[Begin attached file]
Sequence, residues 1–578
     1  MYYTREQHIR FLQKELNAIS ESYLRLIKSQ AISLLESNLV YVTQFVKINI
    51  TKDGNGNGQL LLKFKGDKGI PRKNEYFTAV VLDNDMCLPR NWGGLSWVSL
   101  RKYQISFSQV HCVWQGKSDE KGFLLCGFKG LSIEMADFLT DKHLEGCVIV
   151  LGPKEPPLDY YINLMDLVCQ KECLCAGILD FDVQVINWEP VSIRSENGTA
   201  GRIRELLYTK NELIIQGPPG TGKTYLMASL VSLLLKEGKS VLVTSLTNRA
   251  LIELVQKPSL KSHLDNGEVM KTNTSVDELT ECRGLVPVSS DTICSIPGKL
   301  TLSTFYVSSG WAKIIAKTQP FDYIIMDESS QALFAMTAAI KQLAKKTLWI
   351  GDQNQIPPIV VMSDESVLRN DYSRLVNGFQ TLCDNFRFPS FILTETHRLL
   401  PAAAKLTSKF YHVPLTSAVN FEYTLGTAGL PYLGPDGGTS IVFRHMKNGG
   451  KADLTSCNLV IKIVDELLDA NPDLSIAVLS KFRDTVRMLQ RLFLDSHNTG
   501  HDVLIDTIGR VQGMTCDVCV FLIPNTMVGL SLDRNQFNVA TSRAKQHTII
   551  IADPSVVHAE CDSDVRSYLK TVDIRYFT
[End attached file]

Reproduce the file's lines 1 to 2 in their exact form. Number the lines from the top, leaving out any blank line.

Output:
Sequence, residues 1–578
     1  MYYTREQHIR FLQKELNAIS ESYLRLIKSQ AISLLESNLV YVTQFVKINI